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CORRECTION: County supervisors approve deal for new sheriff’s station, courthouse

Corrects dollar amount of two parcels togethr

Posted: February 14, 2012 4:20 p.m.
Updated: February 14, 2012 4:20 p.m.


The Los Angeles County Board of Supervisors on Tuesday signed off on a deal that would build a new Santa Clarita Valley Sheriff’s Station and courthouse on 12 acres of land along The Old Road just south of Highway 126.

While the captain of the Santa Clarita Valley Sheriff’s Station is pleased with the plan for a bigger station to serve the growing community, city of Santa Clarita officials say they are shocked and upset because they feel left out of the deal.

“To say we’re surprised is an understatement,” city spokesman Gail Ortiz said Tuesday after the supervisors’ unanimous vote. “We’re shocked.”

Santa Clarita City Manager Ken Pulskamp said: “As soon as I hang up the phone, I’m going to call the county and ask them why we weren’t consulted.”

County officials say the move is part of taking a regional approach that better serves the city and Santa Clarita Valley.

On Tuesday, the Los Angeles County Board of Supervisors, approved a recommendation by the county’s Chief Executive Office to approve the terms and conditions of their option agreement with Newhall Land Development Inc. for the transfer of two 6-acre parcels of land to the county for a price.

The price tag for the land is $5.78 million — or $2.89 million for each six-acre parcel.

Serving the growing SCV
Supervisors approved “sighting” the Santa Clarita Courthouse and regional sheriff’s station on 12 acres of land located along the south side of The Old Road, east of Henry Mayo Drive, Supervisor Michael D. Antonovich said in a statement.

The location is next to the California Highway Patrol’s Newhall Station on The Old Road.

The new 45,000-square-foot sheriff’s station is expected to be built using proceeds from the sale of the existing Civic Center site in Valencia and developer fees, he said.

“The state of California’s identification of the Castaic site moves us forward in our effort to provide Santa Clarita Valley a new state-of-the-art courthouse,” Antonovich said. “The county and the state are working in partnership to replace outdated facilities to meet the future needs of the Santa Clarita Valley.”

A bigger sheriff’s station means more deputies will likely be hired, and it would reduce the workload at the existing station, said Capt. Paul Becker of the Santa Clarita Valley Sheriff’s Station.

“It’s certainly good news to have a county station,” he said, noting that the unincorporated population exceeds 92,000.

Santa Clarita Valley showed the second highest jump in population among 23 stations across Los Angeles County, according to statistics of the 2010 U.S. Census compared with those of the state’s Department of Finance tallied in 2009.
Anna Pembedjian, Antonovich’s justice deputy, said the new station is regional in nature, designed to meet the needs of residents in the unincorporated areas and the city.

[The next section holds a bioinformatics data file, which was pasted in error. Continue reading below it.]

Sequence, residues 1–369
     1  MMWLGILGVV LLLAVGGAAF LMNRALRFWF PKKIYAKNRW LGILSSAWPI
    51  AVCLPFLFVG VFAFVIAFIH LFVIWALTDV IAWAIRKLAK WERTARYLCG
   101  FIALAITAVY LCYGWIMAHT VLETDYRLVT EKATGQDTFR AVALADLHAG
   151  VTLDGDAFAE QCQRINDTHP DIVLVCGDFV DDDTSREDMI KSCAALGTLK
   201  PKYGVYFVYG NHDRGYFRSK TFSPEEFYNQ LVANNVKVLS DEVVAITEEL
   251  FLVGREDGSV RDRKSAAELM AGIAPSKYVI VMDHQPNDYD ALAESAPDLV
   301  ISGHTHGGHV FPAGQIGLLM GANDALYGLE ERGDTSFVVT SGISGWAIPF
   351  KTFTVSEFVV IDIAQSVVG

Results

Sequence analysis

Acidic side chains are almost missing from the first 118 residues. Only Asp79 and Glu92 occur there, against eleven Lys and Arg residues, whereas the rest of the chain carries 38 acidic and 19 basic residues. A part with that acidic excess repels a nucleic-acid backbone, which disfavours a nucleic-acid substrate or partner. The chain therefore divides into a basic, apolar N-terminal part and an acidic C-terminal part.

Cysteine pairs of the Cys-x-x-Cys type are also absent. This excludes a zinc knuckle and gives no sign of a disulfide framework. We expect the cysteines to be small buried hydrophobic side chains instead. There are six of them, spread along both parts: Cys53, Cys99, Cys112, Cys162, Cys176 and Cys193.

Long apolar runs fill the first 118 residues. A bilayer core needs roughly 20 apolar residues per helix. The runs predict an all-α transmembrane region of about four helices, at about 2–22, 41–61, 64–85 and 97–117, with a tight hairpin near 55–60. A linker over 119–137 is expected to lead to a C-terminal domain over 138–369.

“This is not expected to be the only sheriff’s station in the Santa Clarita Valley,” she said, adding discussions among supervisors today included talk of a sheriff’s sub-station in Canyon Country.

The new station on The Old Road would replace the existing one on Magic Mountain Parkway according to the

“The state of California has assigned the highest priority to the replacement of the existing courthouse,” county CEO William Fujioka said in his background letter.

A larger sheriff’s station would likely mean hiring more people, Becker said.

“To have a station that’s larger, with a larger jail, would require us to hire additional personnel, and therefore, be more efficient,” he said.

The county’s ongoing talks with Becker about the new sheriff’s station has allowed city officials ample opportunity to review the details.
City officials, meanwhile, say they would still have preferred to have been consulted first.

“For a city that pays $20 million to the county to provide policing in the Santa Clarita Valley, we at least deserve some consultation,” Pulskamp said.

As well, a station on the outskirts of Santa Clarita Valley does little to meet the policing needs of residents on the other side of the valley, he said.

At Tuesday’s Santa Clarita City Council meeting, Councilman Frank Ferry said he was surprised when he found out about the Board of Supervisor’s vote earlier that day.

“Today, I have to admit I was completely caught off-guard when the county board of supervisors voted 5-0 to build a Santa Clarita (Valley) Sheriff’s Station outside the city limits, west of (Interstate 5),” Ferry said.

Pulskamp said that he would be bringing the matter back before the City Council at a later date.

County officials say they’ve kept the city apprised through ongoing talks with local law enforcement.

The need for a new station
Recently, officials with the state’s Administrative Office of the Courts assessed the current station on Magic Mountain Parkway and the courthouse next to it and found the buildings to be “deficient and unsafe,” according to a letter given to county supervisors.

“Each facility is in physical decline and fail to adequately serve the needs of the Santa Clarita Valley,” the letter reads. “The facilities were constructed in 1972 and are deficient and unsafe.”

Becker said he understood the new station will be built to police the unincorporated area, and that the existing station would remain until a larger station could be built in the city’s center.


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